FIG. 12 presents a phylogenetic analysis of predicted protein gene sequences containing a TTL domain. The TTL domains of each predicted protein sequence were aligned was using Clustal X 1.82 followed by manual adjustment in SeaView. Phylogenetic analyses were performed using the Phylip version 3.6 package. One hundred replicates of the sequence set were created using SEQBOOT. The distances were calculated using PROTDIST, and trees were constructed using NEIGHBOR. The Jones-Taylor-Thorton (JTT) substitution model was used. A single consensus tree was obtained using CONSENSE. The yeast sequence was used as an outgroup. Tetrahymena has an extraordinarily large number of predicted TTL domain genes (50). Only one paralog of Tetrahymena is shown in each orthologous group and the number of additional paralogs is indicated in parentheses. The following are GenBank accession numbers of predicted protein sequences used in the analysis. Some sequences are not yet deposited in GenBank including some of the Trypanosoma brucei genes (whose sequences were derived from TIGR annotations) and most Tetrahymena sequences (also derived from the genomic sequences identified using the TIGR Tetrahymena blast server. Homo sapiens: TTL (Q8NG68), TTLL1 (NP036395), TTLL2 (AAH30650), TTLL3 (T12515), TTLL4 (NP055455), TTLL5 (NP05587), TTLL6 (BAC05032), TTLL7 (AAH60878), TTLL8 (XP104657), TTLL9 (XP092778), TTLL10 (BAC85781), TTLL11 (AAM81328), TTLL12 (AAH01070), TTLL13 (XP496092). Drosophila melanogaster: CG32238 (NP729025), CG31108 (NP733081), CG16833 (NP723643), CG16716 (NP725916), CG11201 (NP609068), CG11323 (NP609069), CG8918 (NP573197), CG5987 (NP651549), CG4089 (NP650021), CG3964 (NP722946), CG1550 (NP610325). Saccharomyces cerevisiae: Ybr094wp (NP009652.1). Arabidopsis thaliana: At1g77550 (NP177879.2). Trypanosoma brucei: Tb927.1.1550 (CAB95431), Tb927.2.5250 (XM340623) Tb05.6E7.820 (TIGR annotation 314.m00409), Tb06.2N9.120 (TIGR 315.m00360) Tb03.5L5.580 (TIGR 312.m00548), Tb09.211.1170 (TIGR 320.m00798) Tb11.02.4640 (322.m00560), Tb10.61.3050 (TIGR 319.m01288) Tb11.02.0020 (322.m00126). Caenorhabditis elegans: F25C8 (part of the F25C8 cosmid, Sanger Institute, UK), C55A6.2 (NP505918), ZK1 128.6 (CAA87425), H23L24.3 (AAL06035), K07C5.7 (CAA94900), D2013.9 (CAA87783). Giardia lamblia: GLP435436655577 (EAA40434), GLP431599117301 (EAA40412.1), GLP6181297014472 (EAA38012.1), GLP2051341215397 (EAA38969.1), GLP22325664779 (EAA37058.1), GLP25138857112 (EAA38326.1), GLP2033647534136 (EAA39544.1).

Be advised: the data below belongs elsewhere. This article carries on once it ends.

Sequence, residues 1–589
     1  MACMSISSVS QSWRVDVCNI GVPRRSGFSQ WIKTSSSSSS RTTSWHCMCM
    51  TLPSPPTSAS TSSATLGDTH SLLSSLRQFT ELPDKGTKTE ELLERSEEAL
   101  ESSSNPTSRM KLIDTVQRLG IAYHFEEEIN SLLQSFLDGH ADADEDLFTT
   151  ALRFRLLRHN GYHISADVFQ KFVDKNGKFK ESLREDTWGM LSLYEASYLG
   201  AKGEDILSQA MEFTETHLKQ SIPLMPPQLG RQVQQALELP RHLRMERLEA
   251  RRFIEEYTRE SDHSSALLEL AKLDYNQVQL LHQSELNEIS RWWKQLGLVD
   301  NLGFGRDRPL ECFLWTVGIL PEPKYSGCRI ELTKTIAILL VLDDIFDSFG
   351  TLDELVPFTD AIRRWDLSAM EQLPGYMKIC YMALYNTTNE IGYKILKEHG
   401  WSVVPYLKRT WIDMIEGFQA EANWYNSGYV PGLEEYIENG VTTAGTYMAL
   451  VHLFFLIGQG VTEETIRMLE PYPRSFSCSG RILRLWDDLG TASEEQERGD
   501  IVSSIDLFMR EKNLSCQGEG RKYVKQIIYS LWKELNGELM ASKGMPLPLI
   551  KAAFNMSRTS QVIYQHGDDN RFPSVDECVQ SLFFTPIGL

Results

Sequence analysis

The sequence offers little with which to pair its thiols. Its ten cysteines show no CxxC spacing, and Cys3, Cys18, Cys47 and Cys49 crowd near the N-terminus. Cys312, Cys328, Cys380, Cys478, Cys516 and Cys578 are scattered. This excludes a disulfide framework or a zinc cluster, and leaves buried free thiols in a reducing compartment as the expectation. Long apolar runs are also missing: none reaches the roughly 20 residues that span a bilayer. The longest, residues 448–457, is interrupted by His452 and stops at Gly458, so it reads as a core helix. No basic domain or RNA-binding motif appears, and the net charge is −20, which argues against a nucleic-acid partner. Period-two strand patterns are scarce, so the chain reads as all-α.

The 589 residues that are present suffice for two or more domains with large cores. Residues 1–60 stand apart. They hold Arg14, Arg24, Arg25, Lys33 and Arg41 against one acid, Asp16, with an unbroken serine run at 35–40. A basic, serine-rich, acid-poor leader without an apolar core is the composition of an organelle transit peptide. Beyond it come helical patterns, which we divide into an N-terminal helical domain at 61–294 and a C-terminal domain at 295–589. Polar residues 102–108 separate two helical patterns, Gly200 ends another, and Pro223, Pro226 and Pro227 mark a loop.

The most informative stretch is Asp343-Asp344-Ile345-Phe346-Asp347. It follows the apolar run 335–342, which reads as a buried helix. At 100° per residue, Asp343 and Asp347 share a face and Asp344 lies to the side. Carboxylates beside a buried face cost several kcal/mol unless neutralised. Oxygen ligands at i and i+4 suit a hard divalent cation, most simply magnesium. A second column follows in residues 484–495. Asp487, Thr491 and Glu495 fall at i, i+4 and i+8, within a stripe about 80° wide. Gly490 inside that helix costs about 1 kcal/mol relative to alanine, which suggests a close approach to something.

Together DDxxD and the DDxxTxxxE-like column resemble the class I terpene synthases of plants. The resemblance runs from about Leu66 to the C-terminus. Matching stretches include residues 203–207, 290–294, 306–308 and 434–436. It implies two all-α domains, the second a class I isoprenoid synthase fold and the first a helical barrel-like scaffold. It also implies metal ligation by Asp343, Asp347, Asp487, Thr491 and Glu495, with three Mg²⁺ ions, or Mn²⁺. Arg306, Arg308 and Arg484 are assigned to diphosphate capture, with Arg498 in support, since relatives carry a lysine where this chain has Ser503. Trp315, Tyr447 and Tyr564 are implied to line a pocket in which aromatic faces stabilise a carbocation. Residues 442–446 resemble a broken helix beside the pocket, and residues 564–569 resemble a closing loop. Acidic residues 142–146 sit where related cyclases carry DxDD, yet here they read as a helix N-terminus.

The following are scaffold designations for the Tetrahymena TTLL gene sequences using the November 2003 assembly of the Tetrahymena macronuclear genome by TIGR: TTLL1 (8254582), TTLL2 (8254617), TTLL3A (8254579), TTLL3B (8254645), TTLL3C (8254670), TTLL3D (8254548), TTLL3E (8254652), TTLL4A (8254630), TTLL4B (8254717), TTLL4C (8254496), TTLL4D (8254359), TTLL4E (8254495), TTLL6A (8254600), TTLL6B (8254747), TTL6C (8254577), TTLL6D (8254607), TTLL6E (8254650), TTLL6F(8254010), TTLL9 (8254449), TTLL10A (8254580), TTLL10B (8254751), TTLL10C (8254034), TTLL10D (8254666), TTLL10E (8254504), TTLL10F (8254563), TTLL12A (8254576), TTLL12B (8254820), TTLL14A (8254487), TTLL14B (8254479), TTLL14C (8254589), TTLL14D (8254379), TTL14E (8254555), TTLL14F (8254814), TTLL14G (8253864), TTLL14H (8254469), TTLL14I (8254688), TTLL14J (8254798), TTLL14K (8254403), TTLL14L (8254823), TTLL14M (8254557), TTLL14N (8254748), TTLL14O (8254609), TTLL14P (8254819), TTL14Q (8254545), TTLL14R (8254737), TTLL14S (8254811), TTLL14T (8254373), TTLL15A (8254385), TTLL15B (8254460), TTLL15C (8254459).